U.K. Investors Seek Dividend Info in Single Area of Annual Report

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By David R. Jones

Nov. 25 — U.K. companies could improve their financial reporting and pool their dividend disclosure policies into one report, thereby making their economic information more useful to investors, a report published Nov. 25 by the U.K. Financial Reporting Council said.

The analysis issued by the Financial Reporting Lab, FRC's research arm, found that “information on dividend policies and practices is important to a wide range of investors.”

Allocating Cash

This information includes equity investors seeking income or growth potential, as well as bond investors assessing a company's creditworthiness.

“Both equity and debt investors want to understand how the cash generated by a company is allocated, and why this is appropriate,” according to Disclosure of dividends - policy and practice, based in part on interviews and roundtable discussions with 19 company executives and 31 investors.

Wide Range of Practices

Investors have found, however, a broad array of practices among U.K. companies in their disclosures of dividend policy.

Just 23 of FTSE 350 companies, for instance, disclosed the parent company's balance of distributable profits—the level of reserves legally available for distribution—in their 2014 annual reports and accounts.

“Dividends are only one part of the total return that investors receive, but for many it is the most important part, and therefore good disclosure is fundamental,” one investor told lab researchers.

Addressing Key Questions

In particular, investors want companies to address such questions as why a company has adopted its disclosure policy and how the policy ties into the company's capital-management strategy, as well as what risks and constraints this poses.

“Investors note that the link between companies' principal risks disclosures and risk to the dividend policy is often not well articulated,” the report said.

A critical area of interest for investors, the report said, is whether a company has sufficient distributable profits plus cash—together known as dividend resources—to pay its proposed dividend now or in the future.

Scattered Disclosures

Investors sometimes find it tough to frame a company's financial outlook if it scatters dividend disclosures across different sections of its annual report, which investors consider the key information source on dividends once it is published.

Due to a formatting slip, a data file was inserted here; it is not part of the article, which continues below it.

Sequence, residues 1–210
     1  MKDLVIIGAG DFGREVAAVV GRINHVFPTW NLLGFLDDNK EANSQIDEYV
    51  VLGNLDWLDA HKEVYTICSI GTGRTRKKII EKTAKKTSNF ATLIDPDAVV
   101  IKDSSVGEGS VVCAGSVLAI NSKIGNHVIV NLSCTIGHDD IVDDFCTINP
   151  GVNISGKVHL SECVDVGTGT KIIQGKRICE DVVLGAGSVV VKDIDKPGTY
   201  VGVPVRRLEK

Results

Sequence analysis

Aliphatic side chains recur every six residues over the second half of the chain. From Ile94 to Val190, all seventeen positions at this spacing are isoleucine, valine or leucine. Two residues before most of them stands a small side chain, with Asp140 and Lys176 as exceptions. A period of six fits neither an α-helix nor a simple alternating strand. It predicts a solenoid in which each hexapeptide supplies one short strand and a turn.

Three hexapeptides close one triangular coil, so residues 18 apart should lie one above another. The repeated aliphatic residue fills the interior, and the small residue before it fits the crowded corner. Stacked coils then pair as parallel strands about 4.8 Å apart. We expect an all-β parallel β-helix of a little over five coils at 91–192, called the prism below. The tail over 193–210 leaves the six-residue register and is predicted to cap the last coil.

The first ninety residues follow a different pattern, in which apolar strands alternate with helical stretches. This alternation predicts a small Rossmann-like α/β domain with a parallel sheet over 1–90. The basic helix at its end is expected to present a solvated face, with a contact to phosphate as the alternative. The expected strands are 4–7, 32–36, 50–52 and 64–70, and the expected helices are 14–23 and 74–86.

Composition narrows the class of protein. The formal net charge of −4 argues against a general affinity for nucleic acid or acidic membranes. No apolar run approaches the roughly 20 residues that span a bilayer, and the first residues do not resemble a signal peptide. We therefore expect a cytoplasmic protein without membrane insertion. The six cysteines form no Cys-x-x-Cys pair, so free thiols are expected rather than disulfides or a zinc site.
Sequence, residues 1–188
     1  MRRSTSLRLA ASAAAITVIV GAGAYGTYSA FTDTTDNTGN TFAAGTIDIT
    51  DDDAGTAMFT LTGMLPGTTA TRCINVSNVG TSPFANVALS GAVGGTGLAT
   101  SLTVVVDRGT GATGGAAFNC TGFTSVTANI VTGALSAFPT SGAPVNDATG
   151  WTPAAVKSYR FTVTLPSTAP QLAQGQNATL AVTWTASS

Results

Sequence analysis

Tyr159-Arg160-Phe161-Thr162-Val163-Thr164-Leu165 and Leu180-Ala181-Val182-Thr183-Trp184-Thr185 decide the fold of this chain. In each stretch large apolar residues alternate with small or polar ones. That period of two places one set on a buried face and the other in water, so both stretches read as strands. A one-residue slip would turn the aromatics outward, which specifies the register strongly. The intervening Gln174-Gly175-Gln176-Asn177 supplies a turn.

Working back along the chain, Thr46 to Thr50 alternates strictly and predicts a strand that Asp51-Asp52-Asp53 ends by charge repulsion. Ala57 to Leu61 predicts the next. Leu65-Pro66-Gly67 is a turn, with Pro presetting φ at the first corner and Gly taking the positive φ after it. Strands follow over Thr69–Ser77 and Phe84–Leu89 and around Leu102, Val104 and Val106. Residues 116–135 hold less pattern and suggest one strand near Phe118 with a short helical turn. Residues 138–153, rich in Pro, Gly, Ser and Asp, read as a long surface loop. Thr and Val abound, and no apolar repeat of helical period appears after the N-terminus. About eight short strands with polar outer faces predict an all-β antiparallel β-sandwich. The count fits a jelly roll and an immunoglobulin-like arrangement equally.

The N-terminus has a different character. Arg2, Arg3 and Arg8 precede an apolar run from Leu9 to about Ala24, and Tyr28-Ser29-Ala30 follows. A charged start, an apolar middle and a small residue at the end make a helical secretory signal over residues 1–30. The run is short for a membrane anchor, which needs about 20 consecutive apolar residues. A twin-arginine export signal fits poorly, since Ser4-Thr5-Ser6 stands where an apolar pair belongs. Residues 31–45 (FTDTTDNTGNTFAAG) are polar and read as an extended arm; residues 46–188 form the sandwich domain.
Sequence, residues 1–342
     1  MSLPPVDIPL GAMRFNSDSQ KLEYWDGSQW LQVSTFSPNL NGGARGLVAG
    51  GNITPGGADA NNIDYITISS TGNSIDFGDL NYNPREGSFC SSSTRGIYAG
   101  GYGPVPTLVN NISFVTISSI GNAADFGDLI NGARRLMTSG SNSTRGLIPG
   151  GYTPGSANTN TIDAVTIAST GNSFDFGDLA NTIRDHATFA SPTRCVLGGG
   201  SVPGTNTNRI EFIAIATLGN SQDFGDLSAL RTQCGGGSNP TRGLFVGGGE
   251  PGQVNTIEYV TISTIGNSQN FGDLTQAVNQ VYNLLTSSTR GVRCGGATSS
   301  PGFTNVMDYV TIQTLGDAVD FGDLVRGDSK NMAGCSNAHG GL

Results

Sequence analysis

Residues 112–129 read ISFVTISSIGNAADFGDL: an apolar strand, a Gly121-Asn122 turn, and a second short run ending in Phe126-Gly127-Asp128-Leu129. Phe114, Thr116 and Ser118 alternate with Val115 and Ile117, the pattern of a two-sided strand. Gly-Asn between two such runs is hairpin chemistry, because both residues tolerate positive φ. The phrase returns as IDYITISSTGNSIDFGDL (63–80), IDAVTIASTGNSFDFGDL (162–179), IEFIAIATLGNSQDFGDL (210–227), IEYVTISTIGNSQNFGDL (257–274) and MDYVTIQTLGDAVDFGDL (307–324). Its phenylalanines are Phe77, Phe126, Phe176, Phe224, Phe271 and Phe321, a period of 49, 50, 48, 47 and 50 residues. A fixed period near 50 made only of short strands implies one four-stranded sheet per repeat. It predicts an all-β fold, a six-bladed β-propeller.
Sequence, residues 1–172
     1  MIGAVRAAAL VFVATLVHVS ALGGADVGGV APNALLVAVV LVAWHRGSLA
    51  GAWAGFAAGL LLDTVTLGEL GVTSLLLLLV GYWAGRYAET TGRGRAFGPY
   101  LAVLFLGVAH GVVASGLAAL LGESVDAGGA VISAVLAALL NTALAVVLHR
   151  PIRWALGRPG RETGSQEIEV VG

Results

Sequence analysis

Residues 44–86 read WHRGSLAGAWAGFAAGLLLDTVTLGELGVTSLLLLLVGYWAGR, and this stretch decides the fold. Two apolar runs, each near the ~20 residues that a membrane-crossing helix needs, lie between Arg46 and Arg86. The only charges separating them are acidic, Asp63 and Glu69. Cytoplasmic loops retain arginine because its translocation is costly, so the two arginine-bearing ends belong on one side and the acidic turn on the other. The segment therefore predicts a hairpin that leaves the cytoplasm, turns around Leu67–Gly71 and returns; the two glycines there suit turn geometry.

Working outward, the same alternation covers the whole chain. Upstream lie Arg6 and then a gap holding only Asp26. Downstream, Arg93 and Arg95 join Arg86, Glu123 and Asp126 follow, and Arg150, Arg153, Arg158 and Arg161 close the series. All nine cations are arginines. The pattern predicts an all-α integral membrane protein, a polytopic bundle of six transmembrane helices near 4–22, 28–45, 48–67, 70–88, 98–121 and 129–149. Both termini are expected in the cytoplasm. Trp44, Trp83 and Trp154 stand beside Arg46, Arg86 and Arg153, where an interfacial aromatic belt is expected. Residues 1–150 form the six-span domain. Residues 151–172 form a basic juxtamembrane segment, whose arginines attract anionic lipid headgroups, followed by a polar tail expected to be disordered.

These disclosures in annual reports often are spread across a company's strategic report, financial statements and shareholder information sections, investors said.

Single Source Preferred

“The recent reports from the Lab on digital reporting and accounting policies demonstrate that investors prefer to have all relevant information together within one document,” even if it's included in an appendix, the report said.

Placing dividend disclosures in a single document helps investors pinpoint useful information, the lab noted, and makes it easier for them to draw comparisons among companies.

Concerns About Disclosure

Some companies participating in the project voiced concerns about providing extensive details about their dividend policies, saying it could hamstring their flexibility in responding to events and situations.

The report doesn't set out a one-size-fits-all policy on dividend disclosures, instead offering investors' recommendations and examples of how some companies handle disclosures on such topics as payout ratios, cash resources, and special dividends and share buybacks.

“Given the complexity of individual groups and circumstances, the generation of a single set of best practice disclosures applicable to all companies is not practical,” the lab said.

Welcoming Feedback

FRC is encouraging stakeholders to respond to the lab report.

“As far as possible, comments will be taken into account in shaping future projects,” the council said.

Warning About Excessive Detail

In a Nov. 24 blog on the PricewaterhouseCoopers web site, PwC's UK Head of Assurance James Chalmers called dividend information “an important area of disclosure which has caused confusion and concern in some investor groups.”

He cautioned, however, against requiring greater detail in analyses of parent companies' legal reserves. “In some cases this could even be misleading as it is companies, not groups, which distribute dividends.” he pointed out.

To contact the reporter on this story: David R. Jones in London at correspondents@bna.com

To contact the editor responsible for this story: Ali Sartipzadeh at asartipzadeh@bna.com

FMI The lab report is available at https://www.frc.org.uk/Our-Work/Publications/Financial-Reporting-Lab/Lab-Project-Report-Disclosure-of-dividends-–-poli.pdf